Tuesday, February 22, 2011

An Interview: A Director's Take on the 6th Annual Macon Film Festival

I am always interested in what is going on in film. When I heard a fellow student in the Converse College low-residency MFA program directed independent films, I was instantly curious and decided to inquire for an interview.

Introduction to Interviewee:

Kasey Ray-Stokes is the Director of Development for JamesWorks Entertainment. According to the company's website, they produce "socially-conscious films." I interviewed Kasey about her attendance and involvement with the 6th Annual Macon Film Festival (February 17-20, 2011).


1. What is the Macon Film Festival?
The Macon Film Festival is an international festival in its sixth year, and despite its young age, it is really getting a lot of buzz in the industry. They show over 100 films in four days in several locations around Macon, GA. We, at JamesWorks Entertainment, have attended the festival three years in a row, and this year we had three films accepted into the festival (a personal record for us and for that festival). 

2. Describe your personal experience with the festival:
I serve as JamesWorks Entertainment's Director of Development, and make up 1/3 of the company, along with my business partners James Kicklighter and Mark Ezra Stokes. The three of us go to festivals primarily to give our films an audience and hopefully snag a distribution deal, but -- just as importantly -- we go to connect with other filmmakers, as well as other people in the industry, to make connections and look for future collaborations on upcoming projects.  

3. What is your favorite facet of the festival?
It's hard to say, but I suppose my favorite facet of the Macon Film Festival is the fact that we feel so at home there. We recently shot a short film, Followed (a socially-conscious zombie movie), in Macon this past December, and it felt really good to go there and reconnect with our Macon friends and business partners. We couldn't go to lunch without about 10 people walking by and pulling up a chair to talk, or walk down the street without recognizing a ton of people. Also, the film commission board have to be the nicest bunch of people I have ever met. They hooked us up with a ton of press, and we really feel supported by them. It's a love-love relationship.

4. What do you think about the genre of independent film?  Recently, has it changed?
It's clear that independent filmmaking is booming right now. I believe the reason is because the cost of decent film equipment is dropping, and more people can now go out and shoot a movie without a huge budget. We saw one film at this festival that cost $10 to make. That's amazing. If you've got a compelling story and a crew that knows what they are doing, you can make a quality movie without a Hollywood studio, and have a bat's chance of making money on it, too.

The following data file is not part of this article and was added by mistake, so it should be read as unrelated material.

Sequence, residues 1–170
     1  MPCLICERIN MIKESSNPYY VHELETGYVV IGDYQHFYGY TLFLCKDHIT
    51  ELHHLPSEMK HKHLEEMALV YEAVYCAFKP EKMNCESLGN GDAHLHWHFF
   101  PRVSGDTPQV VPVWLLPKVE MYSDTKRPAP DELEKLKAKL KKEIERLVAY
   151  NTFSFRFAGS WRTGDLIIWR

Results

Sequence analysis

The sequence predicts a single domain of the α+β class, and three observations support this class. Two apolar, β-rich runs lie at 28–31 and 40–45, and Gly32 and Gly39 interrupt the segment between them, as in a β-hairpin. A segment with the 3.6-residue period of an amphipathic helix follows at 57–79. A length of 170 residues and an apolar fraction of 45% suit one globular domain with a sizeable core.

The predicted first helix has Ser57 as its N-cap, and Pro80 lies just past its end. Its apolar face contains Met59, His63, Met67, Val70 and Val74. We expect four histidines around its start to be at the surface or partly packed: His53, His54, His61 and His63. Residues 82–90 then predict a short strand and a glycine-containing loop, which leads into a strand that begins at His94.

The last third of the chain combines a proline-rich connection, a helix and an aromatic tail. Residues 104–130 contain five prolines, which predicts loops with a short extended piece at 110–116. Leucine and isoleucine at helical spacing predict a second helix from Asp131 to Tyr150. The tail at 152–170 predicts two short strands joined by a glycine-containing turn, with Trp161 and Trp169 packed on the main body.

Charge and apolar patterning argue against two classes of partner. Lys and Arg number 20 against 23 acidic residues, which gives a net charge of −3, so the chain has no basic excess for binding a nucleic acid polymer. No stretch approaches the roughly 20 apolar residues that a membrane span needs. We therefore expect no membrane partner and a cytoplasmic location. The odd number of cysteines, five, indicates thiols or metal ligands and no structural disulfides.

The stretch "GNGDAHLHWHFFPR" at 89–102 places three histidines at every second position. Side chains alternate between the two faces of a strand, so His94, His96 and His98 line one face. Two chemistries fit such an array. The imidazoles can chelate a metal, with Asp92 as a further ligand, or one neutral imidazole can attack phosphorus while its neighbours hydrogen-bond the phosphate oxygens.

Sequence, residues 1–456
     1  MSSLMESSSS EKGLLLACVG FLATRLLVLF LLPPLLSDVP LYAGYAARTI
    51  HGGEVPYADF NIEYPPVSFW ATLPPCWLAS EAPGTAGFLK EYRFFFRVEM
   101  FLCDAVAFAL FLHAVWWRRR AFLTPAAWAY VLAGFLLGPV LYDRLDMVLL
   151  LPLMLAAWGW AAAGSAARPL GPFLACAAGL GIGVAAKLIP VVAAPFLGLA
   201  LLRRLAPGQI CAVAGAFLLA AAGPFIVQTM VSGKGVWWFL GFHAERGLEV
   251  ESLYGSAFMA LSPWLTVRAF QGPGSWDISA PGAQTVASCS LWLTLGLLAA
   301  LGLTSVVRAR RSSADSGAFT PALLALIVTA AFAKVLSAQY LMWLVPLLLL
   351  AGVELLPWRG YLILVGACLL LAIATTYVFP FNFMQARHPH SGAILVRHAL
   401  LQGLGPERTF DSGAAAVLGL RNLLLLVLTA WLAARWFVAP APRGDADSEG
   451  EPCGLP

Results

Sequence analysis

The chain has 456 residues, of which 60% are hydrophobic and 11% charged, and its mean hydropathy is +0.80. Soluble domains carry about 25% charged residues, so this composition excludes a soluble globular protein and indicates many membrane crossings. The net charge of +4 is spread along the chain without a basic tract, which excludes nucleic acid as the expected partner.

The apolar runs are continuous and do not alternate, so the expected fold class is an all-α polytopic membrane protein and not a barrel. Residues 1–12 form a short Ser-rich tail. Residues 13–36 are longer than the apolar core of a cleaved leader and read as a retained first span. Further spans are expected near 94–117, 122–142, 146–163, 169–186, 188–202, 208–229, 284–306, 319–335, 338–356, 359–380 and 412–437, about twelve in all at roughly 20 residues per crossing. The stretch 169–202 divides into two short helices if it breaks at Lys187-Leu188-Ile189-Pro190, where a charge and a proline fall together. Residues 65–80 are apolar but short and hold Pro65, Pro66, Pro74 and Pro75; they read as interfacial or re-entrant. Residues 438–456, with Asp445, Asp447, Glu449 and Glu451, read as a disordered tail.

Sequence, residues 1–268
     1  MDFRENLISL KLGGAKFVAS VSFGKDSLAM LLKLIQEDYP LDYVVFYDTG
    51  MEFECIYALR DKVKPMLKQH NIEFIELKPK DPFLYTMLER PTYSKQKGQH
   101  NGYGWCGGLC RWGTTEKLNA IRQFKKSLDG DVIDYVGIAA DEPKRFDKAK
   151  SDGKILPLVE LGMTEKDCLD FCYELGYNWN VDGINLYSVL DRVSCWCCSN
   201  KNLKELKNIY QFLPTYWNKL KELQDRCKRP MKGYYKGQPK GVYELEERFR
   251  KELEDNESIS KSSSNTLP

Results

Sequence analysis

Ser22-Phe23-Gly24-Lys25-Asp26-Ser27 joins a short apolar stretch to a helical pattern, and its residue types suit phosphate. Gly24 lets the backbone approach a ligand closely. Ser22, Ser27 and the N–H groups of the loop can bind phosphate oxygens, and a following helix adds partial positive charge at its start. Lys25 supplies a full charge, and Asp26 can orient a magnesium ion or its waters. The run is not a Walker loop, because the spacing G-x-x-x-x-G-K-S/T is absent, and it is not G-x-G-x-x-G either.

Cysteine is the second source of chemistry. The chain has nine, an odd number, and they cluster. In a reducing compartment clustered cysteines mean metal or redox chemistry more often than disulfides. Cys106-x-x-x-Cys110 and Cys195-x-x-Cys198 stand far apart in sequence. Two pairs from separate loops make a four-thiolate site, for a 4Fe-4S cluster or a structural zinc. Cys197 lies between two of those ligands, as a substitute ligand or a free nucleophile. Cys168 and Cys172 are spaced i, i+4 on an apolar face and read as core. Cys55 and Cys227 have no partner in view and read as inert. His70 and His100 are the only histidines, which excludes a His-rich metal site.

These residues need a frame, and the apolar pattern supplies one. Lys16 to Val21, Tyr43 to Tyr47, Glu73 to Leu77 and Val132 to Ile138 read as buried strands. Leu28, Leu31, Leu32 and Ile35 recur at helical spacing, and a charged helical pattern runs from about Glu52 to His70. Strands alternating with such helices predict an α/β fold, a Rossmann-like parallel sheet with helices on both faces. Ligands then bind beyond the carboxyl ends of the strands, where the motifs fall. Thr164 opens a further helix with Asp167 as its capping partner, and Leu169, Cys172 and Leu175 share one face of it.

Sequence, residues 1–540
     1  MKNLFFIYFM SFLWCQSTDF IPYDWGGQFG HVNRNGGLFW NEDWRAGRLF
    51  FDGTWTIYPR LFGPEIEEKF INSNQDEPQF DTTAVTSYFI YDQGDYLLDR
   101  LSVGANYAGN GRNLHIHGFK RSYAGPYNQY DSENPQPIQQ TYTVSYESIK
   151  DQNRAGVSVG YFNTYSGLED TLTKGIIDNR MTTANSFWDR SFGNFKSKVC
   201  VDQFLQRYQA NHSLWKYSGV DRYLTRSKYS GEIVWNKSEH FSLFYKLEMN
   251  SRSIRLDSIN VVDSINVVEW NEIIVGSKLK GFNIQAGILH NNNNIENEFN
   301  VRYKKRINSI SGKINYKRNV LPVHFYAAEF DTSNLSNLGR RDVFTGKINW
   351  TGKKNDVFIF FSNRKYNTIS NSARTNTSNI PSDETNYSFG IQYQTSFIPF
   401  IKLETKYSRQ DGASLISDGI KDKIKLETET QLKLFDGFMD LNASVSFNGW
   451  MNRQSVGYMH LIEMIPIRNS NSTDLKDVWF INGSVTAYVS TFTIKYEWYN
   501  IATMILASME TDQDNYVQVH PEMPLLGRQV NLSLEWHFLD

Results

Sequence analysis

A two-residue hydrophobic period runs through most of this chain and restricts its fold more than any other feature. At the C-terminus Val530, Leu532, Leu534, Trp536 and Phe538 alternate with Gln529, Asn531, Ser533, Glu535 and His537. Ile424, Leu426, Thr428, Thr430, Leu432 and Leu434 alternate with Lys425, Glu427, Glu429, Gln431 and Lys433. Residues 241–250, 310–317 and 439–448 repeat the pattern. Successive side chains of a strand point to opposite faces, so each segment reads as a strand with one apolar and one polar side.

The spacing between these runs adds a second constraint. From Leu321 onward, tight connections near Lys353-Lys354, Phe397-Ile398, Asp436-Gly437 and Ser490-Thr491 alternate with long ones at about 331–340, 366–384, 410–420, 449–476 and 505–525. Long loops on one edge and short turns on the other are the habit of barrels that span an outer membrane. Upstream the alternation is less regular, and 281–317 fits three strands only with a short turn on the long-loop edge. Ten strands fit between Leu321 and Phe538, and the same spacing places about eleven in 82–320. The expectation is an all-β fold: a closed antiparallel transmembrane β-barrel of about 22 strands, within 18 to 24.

5. What are the pros and cons of directing such films?
The pros of choosing to be an independent filmmaker are really endless. You have complete creative control of your story, you can work with whomever you choose, you can promote it in new and innovative ways, and you can tell your story, your way. The only real con to this method, I suppose, would be money. You have to really hustle in this industry to raise the funds for your project, and you don't get paid the salary that you would on a Hollywood production. However, for me at least, I will be a fan and champion of the independent film industry for as long as I can swing it.

6. Any advice for script writers and/or independent film producers interested in this genre?
My advice for script writers would be to attend and promote film festivals in your area, or those that you can get to so that you can make the connections you need to get someone to look at your script. Most production companies, like mine, do not accept unsolicited scripts (for legal reasons), so it's best you make face-to-face contact with filmmakers. My advice for people looking to be an independent film producer would be to check out our website! We would love to talk to you about producing our next film! There are some great tax incentives happening in Georgia right now, so now's the time to get your feet wet. Funding independent film is truly rewarding, and what other investment promises a guarantee of 30%? None.

If you would like to write to Kasey, you can reach her through her blog No More Hydrangeas.